What Not To Do (When You're Depressed, Anxious, Drunk or High)
Know when not to believe what you think
Posted March 27, 2012
I've met clients over the years who, in various conversations, said quite emphatically that one of their regrets is that they did something really impulsive when they were in a less than functional mindset: they were really really depressed, unbelievably anxious, or drunk or high on something like...(fill in the blank).
A good part of successfully surviving your life is knowing when not to listen to yourself. You've probably heard the standard advice over the year: don't try cut your own hair or get a tattoo when you're drunk; don't decide to tell your boss off and quit your job when you're really angry; don't go to a mall or hit the internet when you're depressed and have a strong craving for shopping therapy; don't ever decide out of the blue to call or text your mother-in-law (or mother, best friend, ex boy/girlfriend) and tell them what you really think; don't handle heavy machinery unless it's between 8 and 11am and you have on full protective gear.
But I was wondering about the other, less obvious don'ts that you need to avoid when emotions or self-medications have taken over. Here is a quick list that I've brainstormed.
• Don't bring up that affair your spouse had 20 years ago.
• Don't take a do-or-die stand with your kids about cleaning up their rooms
• Don't go to a bar hoping to get lucky.
• Don't try to balance your checkbook or do your taxes.
• Don't take an air, train, or even car trip anywhere that you hadn't planned at least 24 hours ago.
• Don't get into heavy online chatrooms.
• Don't set goals for the next 10 years or decide to do a big retrospective of your life.
• Don't cook anything with more than three ingredients or involving high heat.
• Don't engage in any potentially reckless, spur of the moment acts: bungee jumping, dragstripping, wasabi shots...anything the Jackass guys would do.
• Don't handle guns, pitchforks, shaving razors, potential lethal weapons of any kind, etc.
• Don't try and start a serious talk with your teenager about her personal life.
• Don't try and start a serious talk with your spouse about your sex life. Or money. Or the kids. Or his parents.
There are obviously plenty more and you're welcome to add to the list. The theme here is avoiding any impulsive behavior driven by any thoughts of "Why not," "I deserve this," "We're settling this once and for all" or "Sure, I can absolutely do this."
The problem with this list or any good advice is that it quickly goes out the window, or out of your rational brain, as soon as you get upset or drugged. Your prefrontal lobes, that sanctuary of reason, can easily go into sleep mode under these conditions, leaving you at the mercy of the what's left: your emotionally rampant amygdala, your pleasure-obsessed midbrain, the reptilian cerebellum that sees everything as fight-or-flight. With prefronts out to lunch and these guys in charge, left to their own devices and itching for trouble, whatever happens next can't be good.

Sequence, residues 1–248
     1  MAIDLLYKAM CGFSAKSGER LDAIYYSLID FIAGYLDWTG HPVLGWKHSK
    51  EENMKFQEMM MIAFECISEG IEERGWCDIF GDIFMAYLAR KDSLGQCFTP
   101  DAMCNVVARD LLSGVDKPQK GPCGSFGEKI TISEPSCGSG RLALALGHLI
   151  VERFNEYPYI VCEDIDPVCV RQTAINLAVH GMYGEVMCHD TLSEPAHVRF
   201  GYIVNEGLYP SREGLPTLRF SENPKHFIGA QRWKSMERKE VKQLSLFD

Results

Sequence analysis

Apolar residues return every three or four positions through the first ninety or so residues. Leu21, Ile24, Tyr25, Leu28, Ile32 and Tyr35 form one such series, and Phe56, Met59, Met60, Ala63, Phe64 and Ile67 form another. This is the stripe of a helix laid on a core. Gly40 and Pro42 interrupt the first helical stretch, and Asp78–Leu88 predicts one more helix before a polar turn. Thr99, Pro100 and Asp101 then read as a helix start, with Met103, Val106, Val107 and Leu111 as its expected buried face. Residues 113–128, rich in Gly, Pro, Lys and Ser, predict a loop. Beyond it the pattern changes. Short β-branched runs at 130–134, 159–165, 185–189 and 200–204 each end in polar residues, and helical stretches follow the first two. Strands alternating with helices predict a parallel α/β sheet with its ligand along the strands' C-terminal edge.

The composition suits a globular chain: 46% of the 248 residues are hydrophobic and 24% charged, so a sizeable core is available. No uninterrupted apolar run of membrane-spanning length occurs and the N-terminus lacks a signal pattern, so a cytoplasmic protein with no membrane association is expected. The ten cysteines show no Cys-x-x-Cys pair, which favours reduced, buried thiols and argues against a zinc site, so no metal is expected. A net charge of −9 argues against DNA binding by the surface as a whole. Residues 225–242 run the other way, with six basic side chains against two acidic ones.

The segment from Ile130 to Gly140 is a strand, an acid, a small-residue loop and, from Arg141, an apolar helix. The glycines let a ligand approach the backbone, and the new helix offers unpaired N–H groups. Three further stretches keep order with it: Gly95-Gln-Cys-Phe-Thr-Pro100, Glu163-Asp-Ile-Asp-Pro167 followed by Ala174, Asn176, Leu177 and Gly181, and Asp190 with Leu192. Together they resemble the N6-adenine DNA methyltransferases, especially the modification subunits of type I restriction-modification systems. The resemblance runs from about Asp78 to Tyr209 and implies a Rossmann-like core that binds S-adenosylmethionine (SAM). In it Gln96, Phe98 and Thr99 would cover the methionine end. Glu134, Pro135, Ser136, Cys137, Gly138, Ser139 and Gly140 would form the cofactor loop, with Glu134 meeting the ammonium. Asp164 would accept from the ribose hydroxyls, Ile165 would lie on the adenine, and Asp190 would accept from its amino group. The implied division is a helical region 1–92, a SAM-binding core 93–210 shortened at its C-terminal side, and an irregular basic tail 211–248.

What to do:
Catch it early: if you know when you wake up that you are feeling depressed or a bit jittery and obsessive, say to yourself that this is not a good day for big decisions or impulsive acts. That doesn't mean you sweep things under the rug that bother you, but hold them in reserve, make a list in fact, and look at it when your brain is more sane, your mood is better, your prefrontal lobes are back on duty. In the meantime do what you have to do, keep with your routines, wait it out.
Make the list: actually get in the habit of writing down, rather than acting on, those WONDERFUL ideas (studying shamanism in Mexico?) that come up when you are in some altered state. If it really is wonderful, you'll know it the next day. If you can't read your handwriting or remember that you wrote it down, you weren't in a good place and need to discard the whole thing.
Borrow someone else's prefrontal lobes: get a reality check from someone you trust, someone who is good at giving you straight feedback: your mother, your sister, your sponsor, the guy who plays 3rd base on your softball team...someone that you are not afraid of contacting out of the blue and who won't delete you when he sees the caller ID.
Post a list: put a list of things not to do, or better yet to positively do when any of these impulsive acts rise to the surface: don't cut your hair or call your mother, or go for a walk around the block, write your ideas down in your journal, go to bed, take a nap and sit by your partner and watch stupid TV. Put the list on your refrigerator so you can easily find it, no password required.
Of course we are not talking about the obvious question: namely why do you get into these states at all. That's a bigger and ultimately a more important question.
Give it some thought, only wait till you're less high, angry, drunk, you get the idea.
And if you happen to be reading this and you think it sounds WONDERFUL, bookmark it and read it again tomorrow.